In the midst of the challenges we’re all facing in Trinidad and Tobago and around the world, we’re invited to respond to the call to be witnesses.
More than merely seeing, commenting, expressing fear and concern and moving to protect ourselves and our families from perceived imminent harm, the real challenge to our ‘salvation’ is finding out who we really are, what influences our decisions and how far we’re prepared to commit to relationships.
Those decisions begin on a personal level. What is known or believed about the person or situation with which alignment is considered? What’s the source of information? Is it reliable? Why should confidence rest in that person? How is the strength of the bond nurtured or assessed? How is the decision enacted?
Many questions to answer; complex situations may cause uncertainty, doubt, indecision, insecurity, especially when the other person may be insincere, or just does not know how they truly feel or are likely to behave in the future when a world of distractions confuse clear thinking.
Here comes John the Baptist (Jn 1:29–34) to teach us by his via negative, who he’s not, about the humility that’s required to decrease his ego and allow the increase and validation of the authentic bearer of the complete answer to all our temporal angst.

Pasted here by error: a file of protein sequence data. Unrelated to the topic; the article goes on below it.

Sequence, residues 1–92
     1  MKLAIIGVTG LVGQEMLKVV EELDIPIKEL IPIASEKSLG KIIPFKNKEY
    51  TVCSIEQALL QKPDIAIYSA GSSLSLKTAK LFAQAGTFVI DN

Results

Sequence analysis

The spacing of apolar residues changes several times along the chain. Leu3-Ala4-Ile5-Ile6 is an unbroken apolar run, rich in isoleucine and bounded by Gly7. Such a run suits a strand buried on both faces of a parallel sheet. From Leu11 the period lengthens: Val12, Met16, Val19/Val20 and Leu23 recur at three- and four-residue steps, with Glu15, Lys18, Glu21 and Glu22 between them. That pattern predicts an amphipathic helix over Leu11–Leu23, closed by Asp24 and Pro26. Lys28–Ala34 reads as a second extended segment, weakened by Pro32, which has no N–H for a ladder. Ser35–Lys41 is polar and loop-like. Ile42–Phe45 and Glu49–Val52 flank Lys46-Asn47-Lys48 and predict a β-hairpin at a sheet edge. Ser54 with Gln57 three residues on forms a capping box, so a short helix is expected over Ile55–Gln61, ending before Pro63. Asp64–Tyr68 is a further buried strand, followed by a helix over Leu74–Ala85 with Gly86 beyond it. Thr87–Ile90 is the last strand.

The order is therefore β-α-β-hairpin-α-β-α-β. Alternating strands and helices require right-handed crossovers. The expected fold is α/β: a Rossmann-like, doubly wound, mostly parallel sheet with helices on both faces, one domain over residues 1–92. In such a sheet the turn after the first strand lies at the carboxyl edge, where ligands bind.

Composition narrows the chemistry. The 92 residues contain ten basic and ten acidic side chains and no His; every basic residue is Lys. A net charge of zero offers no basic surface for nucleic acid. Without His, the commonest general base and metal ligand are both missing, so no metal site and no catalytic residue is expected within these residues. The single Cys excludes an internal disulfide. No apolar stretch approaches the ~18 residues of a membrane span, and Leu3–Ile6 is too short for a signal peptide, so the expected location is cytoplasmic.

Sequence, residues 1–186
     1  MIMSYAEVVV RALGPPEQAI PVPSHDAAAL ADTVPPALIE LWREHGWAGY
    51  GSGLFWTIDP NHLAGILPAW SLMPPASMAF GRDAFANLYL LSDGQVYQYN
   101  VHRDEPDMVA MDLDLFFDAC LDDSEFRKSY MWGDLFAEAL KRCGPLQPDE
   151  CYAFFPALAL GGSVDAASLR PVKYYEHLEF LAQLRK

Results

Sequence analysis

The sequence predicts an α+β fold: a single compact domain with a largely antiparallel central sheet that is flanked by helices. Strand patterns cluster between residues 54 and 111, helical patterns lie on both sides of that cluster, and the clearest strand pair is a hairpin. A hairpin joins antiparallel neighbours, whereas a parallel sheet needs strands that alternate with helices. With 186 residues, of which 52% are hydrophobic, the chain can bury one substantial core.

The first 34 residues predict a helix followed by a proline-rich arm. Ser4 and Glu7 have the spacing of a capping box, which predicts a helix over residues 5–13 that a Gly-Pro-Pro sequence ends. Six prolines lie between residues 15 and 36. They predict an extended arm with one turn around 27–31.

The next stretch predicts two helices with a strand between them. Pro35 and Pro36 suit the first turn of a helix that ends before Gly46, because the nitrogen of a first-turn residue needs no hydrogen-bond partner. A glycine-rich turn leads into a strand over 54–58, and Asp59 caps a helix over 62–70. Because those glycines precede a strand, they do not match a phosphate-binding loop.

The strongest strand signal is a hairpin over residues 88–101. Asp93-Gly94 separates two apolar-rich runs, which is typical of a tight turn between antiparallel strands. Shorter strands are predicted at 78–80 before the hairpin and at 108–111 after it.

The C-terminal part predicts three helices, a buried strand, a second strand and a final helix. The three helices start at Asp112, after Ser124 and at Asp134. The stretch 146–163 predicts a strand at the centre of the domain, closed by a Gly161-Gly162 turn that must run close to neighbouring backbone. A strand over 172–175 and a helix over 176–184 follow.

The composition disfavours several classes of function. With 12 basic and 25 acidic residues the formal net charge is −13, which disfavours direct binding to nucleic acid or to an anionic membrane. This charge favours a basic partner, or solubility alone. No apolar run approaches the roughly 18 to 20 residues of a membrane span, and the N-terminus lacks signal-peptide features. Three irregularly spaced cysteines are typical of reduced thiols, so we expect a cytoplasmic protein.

The lesson is that we must strive to know and understand ourselves, our strengths and weaknesses, who we are and who we’re not.
Often, we fool ourselves and proceed to mess up many things—personal relationships, political decisions, business investments, family interactions.
Witness the outcomes of flawed decisions manifest in the cacophony of murders—men who define themselves as owners of women and not partners in the journey of co-creating, uplifting, positive, lifegiving relationships. Witness the deceptions on the world stage in announcements on who has “power” and the disposability of “martyrs”, even people who are ‘your own’.
Relationships are constantly changing, even as we grow in spirit and in Truth. But who is Truth? Who is our influencer in decision making? John saw, believed and testified that the Lamb of God, whom he was prepared for by the prophecy of the ancient wisdom bearers, was manifest before the world which He had come to save. Not just us in the Church, but all in the cosmos are to be redeemed!
We too have received the knowledge, the preparation, but we often choose not to recognise Him, even when the evidence is clear. Why?
Consider that as we’re encouraged to become better versions of ourselves, in our Catholic Church and wider society of online guru wisdom, the challenge is to nurture internal freedom from attachment to self-adulation, people, sensuality and attractions.
That freedom and detachment is gained by focusing on God’s Chosen One on whom the Holy Spirit rests and who compels us by sheer truth to testify and free ourselves for service to the other.
Let each of us stop hiding in self-deception and testify to the power and influence of the one who is always with us to save us, if only we get to know Him.